In one embodiment, the process in accordance with the present invention provides etched surfaces which are very smooth and defect free. Thus, in one embodiment, the enlarged trench includes exposed silicon surfaces having a roughness Ra in the range from about 0.340 nm to about 0.450 nm, when measured by atomic force microscopy (AFM). In one embodiment, the enlarged trench includes exposed silicon surfaces having a roughness Rrms in the range from about 0.430 nm to about 0.550 nm, when measured by atomic force microscopy (AFM). In one embodiment, the enlarged trench includes exposed silicon surfaces having a roughness Rmax in the range from about 4.9 nm to about 6 nm, when measured by AFM.

AFM measurements on the reentrant surfaces of the trench are not possible to make on the intact trench. Roughness measurements reported here represent roughness of (100) oriented surfaces that correspond to the trench bottom. When created with the etching solutions of the present invention, roughness of the (111) plane oriented sidewalls is expected to be lower than that of the measured (100) surface since the crystalline orientation of rough features on the (111) surface will have crystal plane orientations other than (111) and are more easily etched than the underlying planes.

In one embodiment, the enlarged trench obtained in accordance with the present invention includes exposed silicon surfaces having a Rrms roughness, measured by AFM, that is not significantly increased from the roughness of a similar, untreated, silicon surface. Thus, in one such embodiment, the silicon surface, post-etching has a Rrms roughness, measured by AFM, within about 6% greater than that of a similar, untreated crystalline silicon surface. In another embodiment, the silicon surface, post-etching has a Rrms roughness, measured by AFM, within about 10% greater than that of a similar, untreated crystalline silicon surface. In another embodiment, the silicon surface, post-etching has a Rrms roughness, measured by AFM, within about 25% greater than that of a similar, untreated crystalline silicon surface. In another embodiment, the silicon surface, post-etching has a Rrms roughness, measured by AFM, within about 90% greater than that of a similar, untreated crystalline silicon surface.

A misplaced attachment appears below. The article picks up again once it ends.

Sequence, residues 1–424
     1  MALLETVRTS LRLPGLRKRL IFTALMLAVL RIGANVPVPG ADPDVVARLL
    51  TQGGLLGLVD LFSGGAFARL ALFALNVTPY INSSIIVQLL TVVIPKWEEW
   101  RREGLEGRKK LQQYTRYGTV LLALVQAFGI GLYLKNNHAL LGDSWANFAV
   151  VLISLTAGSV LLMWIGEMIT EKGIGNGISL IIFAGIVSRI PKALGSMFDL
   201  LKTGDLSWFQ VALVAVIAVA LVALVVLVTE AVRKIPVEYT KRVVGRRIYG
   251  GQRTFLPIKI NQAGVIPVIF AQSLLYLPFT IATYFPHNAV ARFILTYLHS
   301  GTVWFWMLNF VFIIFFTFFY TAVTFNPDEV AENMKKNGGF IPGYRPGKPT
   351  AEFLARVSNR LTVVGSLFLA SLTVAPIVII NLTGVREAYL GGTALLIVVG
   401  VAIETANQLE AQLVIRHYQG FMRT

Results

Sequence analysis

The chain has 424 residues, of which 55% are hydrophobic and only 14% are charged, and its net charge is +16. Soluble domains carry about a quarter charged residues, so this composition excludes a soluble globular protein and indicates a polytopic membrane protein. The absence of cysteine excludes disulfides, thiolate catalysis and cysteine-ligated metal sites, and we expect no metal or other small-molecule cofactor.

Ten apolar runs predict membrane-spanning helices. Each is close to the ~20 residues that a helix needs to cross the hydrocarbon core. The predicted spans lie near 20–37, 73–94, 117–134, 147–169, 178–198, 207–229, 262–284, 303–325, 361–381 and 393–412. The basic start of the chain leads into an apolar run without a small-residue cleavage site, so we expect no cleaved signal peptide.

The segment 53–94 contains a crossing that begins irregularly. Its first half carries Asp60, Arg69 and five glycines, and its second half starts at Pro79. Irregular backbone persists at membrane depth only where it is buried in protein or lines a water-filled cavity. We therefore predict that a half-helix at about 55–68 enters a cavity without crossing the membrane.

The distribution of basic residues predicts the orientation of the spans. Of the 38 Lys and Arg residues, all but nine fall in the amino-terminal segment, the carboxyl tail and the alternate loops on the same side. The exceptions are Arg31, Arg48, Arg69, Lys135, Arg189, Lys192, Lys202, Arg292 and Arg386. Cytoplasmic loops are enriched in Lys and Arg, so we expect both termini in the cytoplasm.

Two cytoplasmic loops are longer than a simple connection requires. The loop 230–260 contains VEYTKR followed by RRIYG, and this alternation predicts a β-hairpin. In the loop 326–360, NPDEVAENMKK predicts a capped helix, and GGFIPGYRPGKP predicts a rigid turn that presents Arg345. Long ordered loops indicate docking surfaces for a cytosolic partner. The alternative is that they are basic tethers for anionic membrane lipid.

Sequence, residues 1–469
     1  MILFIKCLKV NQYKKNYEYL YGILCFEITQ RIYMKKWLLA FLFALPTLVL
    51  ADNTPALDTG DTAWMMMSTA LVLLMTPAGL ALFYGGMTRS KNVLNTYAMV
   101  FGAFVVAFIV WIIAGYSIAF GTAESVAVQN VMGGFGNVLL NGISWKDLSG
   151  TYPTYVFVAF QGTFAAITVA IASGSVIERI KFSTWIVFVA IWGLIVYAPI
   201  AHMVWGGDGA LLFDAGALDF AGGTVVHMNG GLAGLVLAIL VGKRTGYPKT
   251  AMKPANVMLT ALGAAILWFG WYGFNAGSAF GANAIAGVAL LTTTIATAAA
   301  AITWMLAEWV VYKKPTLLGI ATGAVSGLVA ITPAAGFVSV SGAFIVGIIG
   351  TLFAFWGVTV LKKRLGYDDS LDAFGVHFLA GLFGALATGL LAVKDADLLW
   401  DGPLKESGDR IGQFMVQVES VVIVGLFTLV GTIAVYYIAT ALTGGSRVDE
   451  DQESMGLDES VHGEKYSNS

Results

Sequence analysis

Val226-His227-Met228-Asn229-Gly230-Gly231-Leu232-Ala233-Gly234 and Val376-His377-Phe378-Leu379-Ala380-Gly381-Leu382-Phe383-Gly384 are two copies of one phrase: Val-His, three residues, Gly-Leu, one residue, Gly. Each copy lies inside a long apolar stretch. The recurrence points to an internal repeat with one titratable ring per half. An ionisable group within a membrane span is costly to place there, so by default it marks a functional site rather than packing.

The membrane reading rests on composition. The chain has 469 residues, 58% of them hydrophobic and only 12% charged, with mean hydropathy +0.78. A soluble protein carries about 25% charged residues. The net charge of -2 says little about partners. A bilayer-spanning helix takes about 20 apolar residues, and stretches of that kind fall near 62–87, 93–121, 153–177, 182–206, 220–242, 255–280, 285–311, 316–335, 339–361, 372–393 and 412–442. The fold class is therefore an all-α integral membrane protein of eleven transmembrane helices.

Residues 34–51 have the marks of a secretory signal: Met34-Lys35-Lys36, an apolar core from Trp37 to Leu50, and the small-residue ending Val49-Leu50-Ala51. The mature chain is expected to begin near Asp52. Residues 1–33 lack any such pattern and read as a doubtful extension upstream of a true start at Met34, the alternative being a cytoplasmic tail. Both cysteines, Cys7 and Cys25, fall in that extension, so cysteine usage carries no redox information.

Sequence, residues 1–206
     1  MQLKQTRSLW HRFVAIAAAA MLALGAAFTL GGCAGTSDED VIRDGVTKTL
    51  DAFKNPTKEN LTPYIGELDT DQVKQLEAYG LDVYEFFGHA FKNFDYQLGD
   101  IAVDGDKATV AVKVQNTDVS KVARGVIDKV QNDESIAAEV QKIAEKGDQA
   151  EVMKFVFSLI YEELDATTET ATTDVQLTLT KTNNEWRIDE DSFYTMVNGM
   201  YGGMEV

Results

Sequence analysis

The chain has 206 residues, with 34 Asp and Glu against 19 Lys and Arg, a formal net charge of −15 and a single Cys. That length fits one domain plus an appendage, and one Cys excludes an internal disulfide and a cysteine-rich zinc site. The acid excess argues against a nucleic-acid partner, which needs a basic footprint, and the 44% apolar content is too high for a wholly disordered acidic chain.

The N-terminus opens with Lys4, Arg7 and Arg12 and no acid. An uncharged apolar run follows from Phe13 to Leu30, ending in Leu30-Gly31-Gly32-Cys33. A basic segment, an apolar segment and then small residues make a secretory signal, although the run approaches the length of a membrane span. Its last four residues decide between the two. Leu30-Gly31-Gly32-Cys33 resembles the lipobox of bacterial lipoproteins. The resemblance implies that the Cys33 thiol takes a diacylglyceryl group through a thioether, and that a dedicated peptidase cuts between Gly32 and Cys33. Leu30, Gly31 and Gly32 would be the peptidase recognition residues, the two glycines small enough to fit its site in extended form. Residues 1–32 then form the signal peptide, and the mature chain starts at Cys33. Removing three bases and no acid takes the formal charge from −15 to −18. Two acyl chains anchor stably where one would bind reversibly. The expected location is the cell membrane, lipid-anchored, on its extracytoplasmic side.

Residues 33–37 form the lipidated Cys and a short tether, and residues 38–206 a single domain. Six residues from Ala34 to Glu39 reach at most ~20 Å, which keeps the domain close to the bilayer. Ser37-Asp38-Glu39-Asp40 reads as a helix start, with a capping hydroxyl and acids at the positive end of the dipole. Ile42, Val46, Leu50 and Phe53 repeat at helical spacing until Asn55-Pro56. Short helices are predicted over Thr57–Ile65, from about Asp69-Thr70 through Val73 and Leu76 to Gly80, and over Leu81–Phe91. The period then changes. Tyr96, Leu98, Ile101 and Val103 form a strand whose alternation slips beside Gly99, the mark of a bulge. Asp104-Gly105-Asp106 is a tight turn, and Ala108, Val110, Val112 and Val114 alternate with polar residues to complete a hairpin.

In one embodiment, the enlarged trench obtained in accordance with the present invention includes sidewalls and other exposed silicon surfaces having a roughness such that, when a strain inducing silicon alloy is deposited in the trench, the deposit contains a number of stacking faults or dislocations that is within about one order of magnitude of the number of stacking faults or dislocations that would be obtained by depositing the same strain inducing silicon alloy on a similar, untreated crystalline silicon surface. That is, for example, if a strain inducing SiGe alloy is deposited on an untreated crystalline silicon surface would result in about 108 dislocations per square centimeter (108/cm2), in one embodiment, the number of dislocations in a strain inducing SiGe alloy deposited on a surface etched in accordance with the present invention would be no more than about 107 dislocations per square centimeter (107/cm2). It is recognized that the actual number of dislocations/cm2 may vary widely, depending on many factors, such as the ratio of Si to the alloying element, the conditions of deposition, any subsequent annealing, and other factors known to the skilled artisan. However, this feature may be readily determined by comparing strain inducing silicon alloys deposited under substantially identical conditions on the two different substrates, i.e., untreated and etched in accordance with the present invention.

In another embodiment, the present invention provides a process for etching a silicon layer disposed on a substrate, the silicon layer having thereon a plurality of structures, such as spacer features or gate structures, disposed to create openings exposing the silicon layer, including:

through the openings, anisotropically etching a first trench in the silicon layer;

selectively anisotropic wet etching silicon surfaces in the first trench, the wet etching comprising exposing the silicon surfaces to an aqueous composition comprising:

an aromatic tri(lower)alkyl quaternary onium hydroxide, and

an unsymmetrical tetraalkyl quaternary phosphonium salt;

wherein the wet etching etches (110) and (100) planes of the silicon layer at about equal rates and preferentially to the (111) plane to form an enlarged trench having sidewalls in the (111) plane.

In another embodiment, the present invention provides a process for introducing stress into a silicon layer, including the foregoing steps of etching a first trench and selectively anisotropic wet etching to form an enlarged trench, and further including epitaxially depositing a silicon alloy into at least a portion of the enlarged trench.